EDMOND, Okla. -- We'll never know for sure how inebriated Dusty Dvoracek might have been.
His situation to this point has been painted over with code words like "alcohol-related" and "rehabilitation". There are few, if any, formal charges but lots of reported allegations involving drinking and violence. When Oklahoma's star defensive lineman was kicked off the team in September, Bob Stoops called Dvoracek's conduct "a pattern of behavior."
|Bob Stoops said there was a 'pattern of behavior' that led to Dvoracek's dismissal. (Getty Images)|
But one way or another, all of it is over -- either Dvoracek's off-field conduct or his career. The NCAA already has granted him what many consider a precedent-setting mulligan -- a medical redshirt granted after he underwent alcohol abuse counseling.
With a college and NFL career to consider, he can't screw up again.
"Dusty can't drink," says Jim Riley, the man who treated him. "He gets caught drinking, it's over. He's automatically suspended. He can't even sit down and have a beer. He can't drink that way anyway, so it doesn't make any difference."
Jim Riley, 59, is candid because life hasn't pulled any punches with him. So why should he? Riley doesn't hide behind privacy concerns or code words. Riley played six seasons in the NFL, was a member of the 1972 undefeated Miami Dolphins. He was an alcoholic for probably triple that amount of time. And worse.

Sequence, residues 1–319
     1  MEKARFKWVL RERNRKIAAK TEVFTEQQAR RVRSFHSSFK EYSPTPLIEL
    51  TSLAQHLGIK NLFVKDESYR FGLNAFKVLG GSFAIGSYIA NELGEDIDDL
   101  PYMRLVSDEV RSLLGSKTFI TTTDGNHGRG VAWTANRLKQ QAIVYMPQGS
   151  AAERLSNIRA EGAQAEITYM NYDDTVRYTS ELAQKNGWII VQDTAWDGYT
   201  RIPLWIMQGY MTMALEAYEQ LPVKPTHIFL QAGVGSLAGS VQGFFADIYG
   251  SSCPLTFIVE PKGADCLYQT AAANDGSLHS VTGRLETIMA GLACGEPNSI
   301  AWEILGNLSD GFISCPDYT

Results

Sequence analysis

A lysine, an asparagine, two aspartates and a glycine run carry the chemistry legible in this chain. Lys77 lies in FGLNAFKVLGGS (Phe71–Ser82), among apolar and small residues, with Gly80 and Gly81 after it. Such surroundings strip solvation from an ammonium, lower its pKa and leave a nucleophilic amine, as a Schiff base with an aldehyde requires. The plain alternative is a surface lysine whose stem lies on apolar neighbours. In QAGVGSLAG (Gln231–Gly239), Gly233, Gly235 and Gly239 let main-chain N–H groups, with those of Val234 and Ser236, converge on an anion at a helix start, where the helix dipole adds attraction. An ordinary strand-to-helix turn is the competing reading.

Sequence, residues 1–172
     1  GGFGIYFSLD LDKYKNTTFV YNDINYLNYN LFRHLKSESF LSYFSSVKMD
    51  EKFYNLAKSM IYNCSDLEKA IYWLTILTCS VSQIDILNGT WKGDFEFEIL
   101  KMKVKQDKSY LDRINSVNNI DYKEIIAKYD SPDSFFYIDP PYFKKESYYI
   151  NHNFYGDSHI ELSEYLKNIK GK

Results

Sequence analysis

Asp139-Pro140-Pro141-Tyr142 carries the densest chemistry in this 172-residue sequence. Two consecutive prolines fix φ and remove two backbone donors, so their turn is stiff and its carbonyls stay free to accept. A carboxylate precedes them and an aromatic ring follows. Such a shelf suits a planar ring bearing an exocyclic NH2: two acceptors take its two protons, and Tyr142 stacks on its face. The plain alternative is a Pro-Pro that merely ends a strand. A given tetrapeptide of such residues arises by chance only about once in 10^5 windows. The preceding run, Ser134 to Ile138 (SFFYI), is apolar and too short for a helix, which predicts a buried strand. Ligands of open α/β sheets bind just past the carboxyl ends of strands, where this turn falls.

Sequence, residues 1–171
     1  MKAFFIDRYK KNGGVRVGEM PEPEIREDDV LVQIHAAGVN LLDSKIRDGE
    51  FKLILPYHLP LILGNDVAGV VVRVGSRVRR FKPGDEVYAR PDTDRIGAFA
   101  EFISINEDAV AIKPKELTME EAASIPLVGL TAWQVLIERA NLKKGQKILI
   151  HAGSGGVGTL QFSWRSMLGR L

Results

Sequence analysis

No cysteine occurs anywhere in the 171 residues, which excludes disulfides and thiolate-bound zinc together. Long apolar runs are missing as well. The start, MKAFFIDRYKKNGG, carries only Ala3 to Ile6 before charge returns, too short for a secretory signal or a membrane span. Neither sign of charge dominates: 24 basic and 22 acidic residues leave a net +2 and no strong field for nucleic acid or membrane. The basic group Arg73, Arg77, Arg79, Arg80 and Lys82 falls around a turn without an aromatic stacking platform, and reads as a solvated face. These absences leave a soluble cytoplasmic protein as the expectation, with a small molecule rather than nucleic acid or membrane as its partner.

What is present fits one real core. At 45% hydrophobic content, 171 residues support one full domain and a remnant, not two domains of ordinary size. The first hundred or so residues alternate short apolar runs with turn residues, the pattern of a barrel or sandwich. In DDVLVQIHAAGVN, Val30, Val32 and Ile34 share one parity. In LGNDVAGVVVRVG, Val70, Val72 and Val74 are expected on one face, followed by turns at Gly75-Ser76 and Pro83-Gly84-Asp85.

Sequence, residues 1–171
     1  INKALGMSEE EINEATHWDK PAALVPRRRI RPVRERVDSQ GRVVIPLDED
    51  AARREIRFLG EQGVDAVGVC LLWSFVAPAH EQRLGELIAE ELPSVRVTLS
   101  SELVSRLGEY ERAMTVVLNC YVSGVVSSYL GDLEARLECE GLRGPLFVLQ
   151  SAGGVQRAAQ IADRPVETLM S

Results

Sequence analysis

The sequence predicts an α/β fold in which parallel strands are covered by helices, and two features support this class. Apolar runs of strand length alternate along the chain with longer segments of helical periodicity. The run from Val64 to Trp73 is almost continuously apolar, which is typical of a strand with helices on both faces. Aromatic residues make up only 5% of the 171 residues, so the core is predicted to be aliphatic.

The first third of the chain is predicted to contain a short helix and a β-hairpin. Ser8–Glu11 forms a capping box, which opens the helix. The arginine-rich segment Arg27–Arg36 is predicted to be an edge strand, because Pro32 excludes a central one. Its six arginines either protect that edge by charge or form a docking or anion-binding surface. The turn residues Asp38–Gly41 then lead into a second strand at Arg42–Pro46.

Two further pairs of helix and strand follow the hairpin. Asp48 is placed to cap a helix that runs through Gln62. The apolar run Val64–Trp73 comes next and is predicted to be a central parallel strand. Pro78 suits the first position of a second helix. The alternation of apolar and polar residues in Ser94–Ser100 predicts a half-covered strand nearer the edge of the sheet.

Some members of that '72 Dolphins team made it a habit to share a bottle of champagne each year the last undefeated NFL team lost a game. Not Riley. He was way beyond that.
"I even started doing cocaine," he said. "I was out of control."
Twenty years ago he took the cure, agreeing to enter himself into rehab. Sixteen years ago his 19-year old son Blake stared him in the eye and said, "I promise you I'll never touch a drop of alcohol as long as I live, as long as you don't."
Then a couple of months later, Blake was dead in a car crash, the only fatality in car filled with three other friends traveling back from an Oklahoma football game. The promise was fulfilled, but way too early.
So when it comes to the cold, hard truth, Riley doesn't flinch. His Jim Riley Outreach ministry started shortly after Blake's death. The ministry counsels those with drug and alcohol problems.
Riley continued his abstinence, even when the depths of horrific depression tempted him. And he reasons, so can everyone else.